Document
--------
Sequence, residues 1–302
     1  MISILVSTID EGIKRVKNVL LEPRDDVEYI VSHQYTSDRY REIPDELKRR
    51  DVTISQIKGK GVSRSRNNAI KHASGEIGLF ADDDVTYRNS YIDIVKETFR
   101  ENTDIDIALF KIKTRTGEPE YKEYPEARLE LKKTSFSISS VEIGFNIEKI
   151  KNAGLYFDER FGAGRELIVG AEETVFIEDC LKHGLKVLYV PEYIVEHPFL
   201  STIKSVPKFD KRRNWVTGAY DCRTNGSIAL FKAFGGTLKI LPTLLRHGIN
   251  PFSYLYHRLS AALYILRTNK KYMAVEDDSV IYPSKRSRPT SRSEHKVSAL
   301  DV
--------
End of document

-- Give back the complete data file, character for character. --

Sequence, residues 1–302
     1  MISILVSTID EGIKRVKNVL LEPRDDVEYI VSHQYTSDRY REIPDELKRR
    51  DVTISQIKGK GVSRSRNNAI KHASGEIGLF ADDDVTYRNS YIDIVKETFR
   101  ENTDIDIALF KIKTRTGEPE YKEYPEARLE LKKTSFSISS VEIGFNIEKI
   151  KNAGLYFDER FGAGRELIVG AEETVFIEDC LKHGLKVLYV PEYIVEHPFL
   201  STIKSVPKFD KRRNWVTGAY DCRTNGSIAL FKAFGGTLKI LPTLLRHGIN
   251  PFSYLYHRLS AALYILRTNK KYMAVEDDSV IYPSKRSRPT SRSEHKVSAL
   301  DV